Birds on Mt. Tabor? I'd never noticed

"Be careful. I heard there were dark-eyed junkies on Mt. Tabor!"

Dark-eyed Junco, Mt. Tabor Park, Portland, OR

Dark-eyed Junco, Mt. Tabor Park, Portland, OR

When I lived in the city, I regularly visited Mt. Tabor Park, jogging the trails and “releasing the hounds” to enjoy the cascading smells of the dog park. I went an average of 5 days a week for 6 years. And on those roughly 1500 visits if you had asked me if I’d ever see any birds, I’d have said, “I’ve seen crows. There's a lot of crows.” Well, just a few years later, all kinds of birds seem to have moved into the park. Or maybe I just never noticed them before…

Sometimes I miss my old SE Portland neighborhood, like when I want to buy a bike for $20 from a dark-eyed junkie OR when I think about the hours spent in Mt. Tabor Park. Last week I found myself in the area and the sun was shining, so I wandered all over the park, camera in hand to see what I could see. Don’t believe me? Here is the evidence!

Steller's Jay Mt. Tabor Park DSC_0021-1.jpg

Steller's Jay

Before I had my bird awakening two years ago, I likely would have identified this as a blue crow.

These pictures are of the same Steller's Jay under completely different lighting. I'm not a scientist but the sun appears to have a great impact on much of our day to day lives. And are we appreciative? No. We wear sunglasses, sun hats and sunscreen. Shameful.

Steller's Jay Mt. Tabor Park DSC_0030-1.jpg
Bushtit Mt. Tabor Park DSC_0444-1.jpg


When I was 16, my classmates and I would have giggled every time someone said "Bushtit". It would have been a running gag. Luckily no one in 1986 thought it was a good idea to let us vote.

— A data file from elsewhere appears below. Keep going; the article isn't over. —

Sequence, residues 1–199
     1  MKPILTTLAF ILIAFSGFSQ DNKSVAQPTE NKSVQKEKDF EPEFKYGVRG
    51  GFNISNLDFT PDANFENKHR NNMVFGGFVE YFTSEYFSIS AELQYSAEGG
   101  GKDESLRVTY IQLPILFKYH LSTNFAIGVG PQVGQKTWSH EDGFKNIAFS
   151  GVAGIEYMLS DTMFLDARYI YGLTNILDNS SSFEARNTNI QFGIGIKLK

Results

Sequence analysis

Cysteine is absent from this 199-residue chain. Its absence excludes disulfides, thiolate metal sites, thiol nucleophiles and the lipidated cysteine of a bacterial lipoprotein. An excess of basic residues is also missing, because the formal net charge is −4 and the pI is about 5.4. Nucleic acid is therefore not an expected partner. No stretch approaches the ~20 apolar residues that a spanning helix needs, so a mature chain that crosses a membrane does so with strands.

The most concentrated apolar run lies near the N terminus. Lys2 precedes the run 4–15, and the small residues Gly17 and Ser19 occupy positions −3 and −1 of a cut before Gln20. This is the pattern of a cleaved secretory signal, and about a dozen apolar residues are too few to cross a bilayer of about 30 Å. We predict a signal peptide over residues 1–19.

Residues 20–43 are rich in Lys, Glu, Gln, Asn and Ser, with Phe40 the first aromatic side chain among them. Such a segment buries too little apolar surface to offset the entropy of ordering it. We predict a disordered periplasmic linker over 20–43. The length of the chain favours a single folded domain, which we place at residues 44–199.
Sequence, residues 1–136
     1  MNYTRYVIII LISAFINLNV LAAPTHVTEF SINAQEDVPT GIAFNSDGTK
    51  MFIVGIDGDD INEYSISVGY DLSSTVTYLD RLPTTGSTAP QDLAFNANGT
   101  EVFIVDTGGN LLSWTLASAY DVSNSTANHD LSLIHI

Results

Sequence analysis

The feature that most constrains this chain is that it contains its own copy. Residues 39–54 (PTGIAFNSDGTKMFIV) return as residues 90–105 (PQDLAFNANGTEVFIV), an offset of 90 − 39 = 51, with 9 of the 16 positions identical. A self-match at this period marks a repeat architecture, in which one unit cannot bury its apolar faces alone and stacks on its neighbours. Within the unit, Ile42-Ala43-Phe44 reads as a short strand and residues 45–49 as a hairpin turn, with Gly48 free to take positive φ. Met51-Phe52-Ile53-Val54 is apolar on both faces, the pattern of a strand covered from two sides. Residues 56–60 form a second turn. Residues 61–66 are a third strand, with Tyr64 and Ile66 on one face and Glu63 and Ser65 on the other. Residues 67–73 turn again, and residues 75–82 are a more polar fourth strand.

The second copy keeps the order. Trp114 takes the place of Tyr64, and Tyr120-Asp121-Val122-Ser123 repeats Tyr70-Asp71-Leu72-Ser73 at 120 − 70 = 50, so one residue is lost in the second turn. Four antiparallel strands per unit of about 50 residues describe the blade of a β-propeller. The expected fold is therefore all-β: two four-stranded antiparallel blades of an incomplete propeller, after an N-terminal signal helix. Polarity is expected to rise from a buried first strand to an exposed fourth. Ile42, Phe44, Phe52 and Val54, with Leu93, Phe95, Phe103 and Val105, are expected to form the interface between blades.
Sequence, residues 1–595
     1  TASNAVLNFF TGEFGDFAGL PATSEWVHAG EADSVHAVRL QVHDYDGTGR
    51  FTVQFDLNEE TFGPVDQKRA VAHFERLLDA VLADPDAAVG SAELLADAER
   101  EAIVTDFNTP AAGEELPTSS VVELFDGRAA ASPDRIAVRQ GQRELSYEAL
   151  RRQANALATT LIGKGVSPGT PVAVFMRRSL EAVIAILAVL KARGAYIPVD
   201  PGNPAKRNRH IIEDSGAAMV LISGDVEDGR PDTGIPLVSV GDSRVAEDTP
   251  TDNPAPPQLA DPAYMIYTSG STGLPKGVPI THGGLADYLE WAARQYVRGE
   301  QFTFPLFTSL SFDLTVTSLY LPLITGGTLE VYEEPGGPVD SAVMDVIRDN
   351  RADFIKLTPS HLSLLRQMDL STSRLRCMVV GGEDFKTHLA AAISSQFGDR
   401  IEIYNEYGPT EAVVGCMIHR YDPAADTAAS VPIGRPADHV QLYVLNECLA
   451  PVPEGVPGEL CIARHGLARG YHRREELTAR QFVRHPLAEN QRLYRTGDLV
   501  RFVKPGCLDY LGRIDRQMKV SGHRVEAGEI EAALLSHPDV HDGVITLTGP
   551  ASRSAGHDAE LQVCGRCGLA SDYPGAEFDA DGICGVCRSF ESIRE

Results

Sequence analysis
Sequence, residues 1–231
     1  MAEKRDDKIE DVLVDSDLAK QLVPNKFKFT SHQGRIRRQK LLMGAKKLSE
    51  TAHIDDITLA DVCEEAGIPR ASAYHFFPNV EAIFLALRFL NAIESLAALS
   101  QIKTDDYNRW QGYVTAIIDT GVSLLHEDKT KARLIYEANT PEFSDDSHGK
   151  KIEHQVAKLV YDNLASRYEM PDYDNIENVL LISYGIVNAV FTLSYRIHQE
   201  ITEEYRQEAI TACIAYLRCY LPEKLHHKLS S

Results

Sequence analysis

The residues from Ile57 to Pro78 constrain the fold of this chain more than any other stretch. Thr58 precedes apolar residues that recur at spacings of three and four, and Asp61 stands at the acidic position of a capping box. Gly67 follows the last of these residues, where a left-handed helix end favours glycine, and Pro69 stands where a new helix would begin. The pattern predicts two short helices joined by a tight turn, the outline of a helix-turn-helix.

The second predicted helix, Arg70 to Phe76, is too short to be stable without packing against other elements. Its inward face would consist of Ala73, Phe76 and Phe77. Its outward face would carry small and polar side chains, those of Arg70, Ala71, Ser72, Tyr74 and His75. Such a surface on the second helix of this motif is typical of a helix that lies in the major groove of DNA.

Spotted Towhee Mt. Tabor Park DSC_0083-1.jpg

Spotted Towhee

When someone has wings and they're threatening to jump, it's a bit melodramatic.

"Don't come any closer! I'll do it. Just watch me!"

Northern Flicker Mt. Tabor Park DSC_0201-1.jpg

Northern Flicker

"How much pecker could a woodpecker peck if a woodpecker could peck wood?" That's a riff on the old woodchuck meme. Tongue twisters were all the rage in fifth grade. Say "rubber baby buggy bumpers" five times really fast. Try "toy boat". I wonder if there are challenging peeps, tweets and twitters among juvenile birds called "beak busters". All we need to do is open up our ears AND our minds. To idiocy.

Northern Flicker Mt. Tabor Park DSC_0265-1.jpg

This male flicker was doing his best to charm the feathers off a nearby female. I don't know if this "brotha got back" routine was ultimately sucessful or not. They were flying from branch to branch and tree to tree. Then a few other brothers tried to break up the courtship. Or was that his other girl? It all happened too fast. Birds truly are the best reality show.

American Crow Mt. Tabor Park DSC_0120-1.jpg

American Crow

"I've seen crows. There's a lot of crows"

Crows are hard to miss at Mt. Tabor Park. Years ago while walking through the park Mrs. S and I came across a crow being mobbed by the rest of the aptly named “murder”. We shooed the bullies away and found that he had been impaled by a branch. (This was the second time I'd seen crows mobbing an injured comrade. The first time was in Laurelhurst Park with an obviously sick crow. I can’t find any literature on this behavior, but would be interested to know if this is common.) We found a cardboard box at nearby Pacific Warner college, captured him and took him to an emergency animal hospital. He was beyond healing and was humanely euthanized, which is a euphemism for “killed in the nicest way possible.” You've got to admit it beats being pecked to death by your friends and family.

American Crow Mt. Tabor Park DSC_0182-1.jpg

American Crow

Artsy, eh? I call it "Shadows of a Crow's Feet Leaping Off of a Metal Thingy on a Sunny Tuesday Near Sunset on Mt. Tabor as Photographed by Tony, Whose Real Name is Brett By The Way, with His Camera."

Full bird count (20) - Mt. Tabor Park - March 13, 2018 - 3 - 6:30 pm

Spotted Towhee, Bushtit, Northern Flicker, American Crow, American Robin, Bald Eagle, Merlin, Dark-eyed Junco, Yellow-rumped Warbler, Pileated Woodpecker (heard only), Anna’s Hummingbird, Song Sparrow, Ruby-crowned Kinglet, Steller’s Jay, Mallard, California Scrub-jay, Golden-crowned Sparrow, Band-tailed Pigeon, European Starling, Golden-crowned Kinglet